The commands needed for specifying a network and its stimulation are explained below, together with their mnemonic and syntax. Commands should be entered in the order in which they are presented below: t, mod, arch, weight, stim / oscstim, run. This is because some later commands use information specified by earlier commands.

Scripts can be run using the script scriptname command in the Rocky 3 command line. The default script, script.txt in the same directory as rocky3.exe, can be run using the "Run script.txt" button. Commands can also be entered directly in the command line, but scripts are more suitable for defining networks.

Every command line in the script must be ended by an enter, or it will not be processed. Hence, take care with the final run command: make sure that the cursor is able to get to the line below the run-command line in your text editor.

An example of a script using the commands explained below is:

// script script_circMotInt.txt
t 10000 10000
net 2 3
mod 6 0 0 0 0 0 0 0 0 0 50 0 50 0 50 0 0 50 50 0 50 0
arch 0 0 0 0 0
arch 1 1 0 0 0
arch 2 2 1 1 0
arch 3 3 0 0 0
arch 4 4 0 0 0
arch 5 5 0 0 0

// circle
arch 0 1 1 1 0
arch 1 2 1 1 0
arch 2 3 1 1 0
arch 3 0 1 1 0

// oscillator
arch 2 3 1 1 0
arch 3 2 0 0 1

// interference
arch 2 1 1 1 0

delay 0 1 10 0
delay 1 2 10 0
delay 2 3 10 0
delay 3 0 10 0

script gScript.txt

a 2500 0.06 0 2 2000 0.04 0.0 2
stim 0 1 500 1500 0.3
stim 2 1 4000 6000 0.3
run test
with gScript.txt containing
g 0 0 0 0.075 0
g 0 0 1 0.075 0
g 0 0 2 0 0
g 0 1 0 0.02 0
g 0 1 1 0.02 0
g 0 1 2 0 0
g 1 0 0 0 0
g 1 0 1 0 0
g 1 0 2 0.1 0
gL 0 0.025 0
gL 1 0.02 0

2.1 t(ime specification)

Specifies how many samples will be simulated, and what the period (= 1 / sampling_frequency) between samples is.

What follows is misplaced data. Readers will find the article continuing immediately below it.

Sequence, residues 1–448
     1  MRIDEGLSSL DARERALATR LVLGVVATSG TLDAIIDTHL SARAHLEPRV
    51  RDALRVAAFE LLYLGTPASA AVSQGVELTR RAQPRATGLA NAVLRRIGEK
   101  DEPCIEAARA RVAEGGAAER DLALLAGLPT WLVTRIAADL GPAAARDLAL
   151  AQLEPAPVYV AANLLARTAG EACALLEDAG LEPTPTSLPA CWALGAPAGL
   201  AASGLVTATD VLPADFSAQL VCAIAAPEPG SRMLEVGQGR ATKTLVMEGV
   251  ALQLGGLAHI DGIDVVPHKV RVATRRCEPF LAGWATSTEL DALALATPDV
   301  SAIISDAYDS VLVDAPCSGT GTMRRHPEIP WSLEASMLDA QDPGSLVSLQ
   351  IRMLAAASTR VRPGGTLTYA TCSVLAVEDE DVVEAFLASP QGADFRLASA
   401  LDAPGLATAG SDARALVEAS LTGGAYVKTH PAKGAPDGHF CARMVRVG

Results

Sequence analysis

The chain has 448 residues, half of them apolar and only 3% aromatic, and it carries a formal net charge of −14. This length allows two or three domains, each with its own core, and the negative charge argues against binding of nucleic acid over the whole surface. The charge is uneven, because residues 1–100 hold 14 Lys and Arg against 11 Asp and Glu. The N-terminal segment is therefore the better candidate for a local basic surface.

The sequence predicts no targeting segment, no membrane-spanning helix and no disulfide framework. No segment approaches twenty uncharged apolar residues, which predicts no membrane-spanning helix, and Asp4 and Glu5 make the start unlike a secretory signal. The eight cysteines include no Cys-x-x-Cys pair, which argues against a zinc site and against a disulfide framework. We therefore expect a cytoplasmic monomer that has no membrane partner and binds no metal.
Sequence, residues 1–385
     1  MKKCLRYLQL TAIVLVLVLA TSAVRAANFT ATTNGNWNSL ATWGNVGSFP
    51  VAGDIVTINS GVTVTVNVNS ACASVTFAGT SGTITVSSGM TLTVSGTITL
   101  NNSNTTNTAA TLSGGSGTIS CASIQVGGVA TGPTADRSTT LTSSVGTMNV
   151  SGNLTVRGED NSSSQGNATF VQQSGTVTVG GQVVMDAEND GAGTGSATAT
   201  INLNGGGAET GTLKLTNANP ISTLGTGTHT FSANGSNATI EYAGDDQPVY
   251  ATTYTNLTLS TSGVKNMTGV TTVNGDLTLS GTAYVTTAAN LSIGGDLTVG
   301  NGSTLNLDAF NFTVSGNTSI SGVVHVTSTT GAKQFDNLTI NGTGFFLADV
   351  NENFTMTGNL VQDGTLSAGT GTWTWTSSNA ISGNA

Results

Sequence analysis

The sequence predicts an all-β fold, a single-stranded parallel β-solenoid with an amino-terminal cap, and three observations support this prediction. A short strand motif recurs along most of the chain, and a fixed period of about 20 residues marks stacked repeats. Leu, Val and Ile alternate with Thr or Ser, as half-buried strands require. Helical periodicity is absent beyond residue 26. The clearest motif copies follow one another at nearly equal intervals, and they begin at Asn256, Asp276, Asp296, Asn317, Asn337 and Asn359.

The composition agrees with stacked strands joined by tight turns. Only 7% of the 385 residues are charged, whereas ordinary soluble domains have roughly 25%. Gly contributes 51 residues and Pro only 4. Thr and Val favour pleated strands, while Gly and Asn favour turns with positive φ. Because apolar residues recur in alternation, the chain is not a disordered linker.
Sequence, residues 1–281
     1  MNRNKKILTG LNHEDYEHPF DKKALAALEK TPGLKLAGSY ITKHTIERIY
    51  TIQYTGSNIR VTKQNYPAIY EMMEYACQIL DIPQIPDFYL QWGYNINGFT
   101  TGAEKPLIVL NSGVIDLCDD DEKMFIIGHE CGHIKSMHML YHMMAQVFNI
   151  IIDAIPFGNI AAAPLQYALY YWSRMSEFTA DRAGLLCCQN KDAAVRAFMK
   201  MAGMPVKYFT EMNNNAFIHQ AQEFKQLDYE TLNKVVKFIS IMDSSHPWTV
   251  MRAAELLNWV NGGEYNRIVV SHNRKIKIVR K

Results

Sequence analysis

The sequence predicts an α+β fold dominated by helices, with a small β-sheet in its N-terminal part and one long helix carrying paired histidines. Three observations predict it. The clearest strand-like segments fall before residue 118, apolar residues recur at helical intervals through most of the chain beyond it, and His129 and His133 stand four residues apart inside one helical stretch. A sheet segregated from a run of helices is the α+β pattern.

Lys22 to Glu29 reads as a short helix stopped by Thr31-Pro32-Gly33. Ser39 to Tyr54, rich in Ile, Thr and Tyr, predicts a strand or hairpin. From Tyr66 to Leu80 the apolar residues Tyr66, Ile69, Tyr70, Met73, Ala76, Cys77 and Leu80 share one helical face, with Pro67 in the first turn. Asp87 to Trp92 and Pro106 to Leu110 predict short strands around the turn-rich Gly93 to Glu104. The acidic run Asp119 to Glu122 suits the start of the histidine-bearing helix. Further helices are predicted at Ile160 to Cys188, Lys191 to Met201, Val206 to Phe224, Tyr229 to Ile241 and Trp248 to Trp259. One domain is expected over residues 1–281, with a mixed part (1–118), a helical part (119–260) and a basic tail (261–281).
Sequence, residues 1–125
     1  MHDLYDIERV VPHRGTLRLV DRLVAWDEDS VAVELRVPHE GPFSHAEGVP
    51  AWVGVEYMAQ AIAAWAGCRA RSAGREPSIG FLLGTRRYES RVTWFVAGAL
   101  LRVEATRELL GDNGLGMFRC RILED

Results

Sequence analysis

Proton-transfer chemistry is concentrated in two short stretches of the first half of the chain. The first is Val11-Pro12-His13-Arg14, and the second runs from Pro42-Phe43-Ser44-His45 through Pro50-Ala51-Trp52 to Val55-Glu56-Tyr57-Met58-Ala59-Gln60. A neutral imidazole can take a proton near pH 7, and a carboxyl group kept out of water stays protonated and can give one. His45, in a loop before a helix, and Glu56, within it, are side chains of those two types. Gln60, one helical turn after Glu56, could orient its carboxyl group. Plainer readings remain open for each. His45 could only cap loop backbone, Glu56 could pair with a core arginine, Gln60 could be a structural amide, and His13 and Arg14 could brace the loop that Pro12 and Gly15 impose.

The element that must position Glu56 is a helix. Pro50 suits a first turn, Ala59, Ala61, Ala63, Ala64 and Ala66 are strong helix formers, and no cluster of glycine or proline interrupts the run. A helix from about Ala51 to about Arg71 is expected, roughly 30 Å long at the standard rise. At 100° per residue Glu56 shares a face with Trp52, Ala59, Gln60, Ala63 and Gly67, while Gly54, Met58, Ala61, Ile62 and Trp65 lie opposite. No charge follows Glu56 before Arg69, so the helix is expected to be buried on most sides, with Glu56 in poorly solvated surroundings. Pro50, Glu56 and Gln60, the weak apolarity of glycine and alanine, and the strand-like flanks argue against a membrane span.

2.2 net(work defaults)

Specifies how many types of neurons and synapses should be used; this would influence the syntax of later commands, but requires adjustment of the cAbstractNeuron and cSynapse classes in the Rocky 3 software. In the standard version of Rocky 3, the command should always be net 2 3: there are two kinds of neurons, excitatory and inhibitory, and three synapse types: AMPA, NMDA and GABA.

2.3 mod(ule specification)

N(modules) specifies how many modules will be defined. There are 3 * N(synapse types) variables of the kind p(.){}. p(in), (next) and (out) specify, for each synapse type, the connection chance between neurons in the same module, from a neuron in module i to a neuron in module i + 1, and between neurons in modules that are neither the same nor neighbouring. If a more specific network architecture is required, the (usually 9) generic connection chances should all be set to zero or one, and deviant connections can be adjusted with subsequent arch (see below) commands.

After the generic connection chances, the number of excitatory and inhibitory neurons should be provided for each module. The nesting structure is the same if more than two neuron types are used (which will require reprogramming the software): for all modules, the N(neurons) for all neuron types should be specified. For example, if there a two neuron types and three modules, each containing 4 excitatory and 1 inhibitory neuron except for module 3, which contains no inhibitory neurons, the syntax would be 4 1 4 1 4 0 4 1.

The weights of connections going from neurons in each module is set to 1 by default. The commands weight and normweights can be used to change the strength of connections.

2.4 arch(itecture)